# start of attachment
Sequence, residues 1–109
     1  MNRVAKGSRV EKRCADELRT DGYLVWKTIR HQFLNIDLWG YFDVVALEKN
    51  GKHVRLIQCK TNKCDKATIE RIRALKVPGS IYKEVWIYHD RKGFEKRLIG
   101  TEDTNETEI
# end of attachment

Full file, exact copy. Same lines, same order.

Sequence, residues 1–109
     1  MNRVAKGSRV EKRCADELRT DGYLVWKTIR HQFLNIDLWG YFDVVALEKN
    51  GKHVRLIQCK TNKCDKATIE RIRALKVPGS IYKEVWIYHD RKGFEKRLIG
   101  TEDTNETEI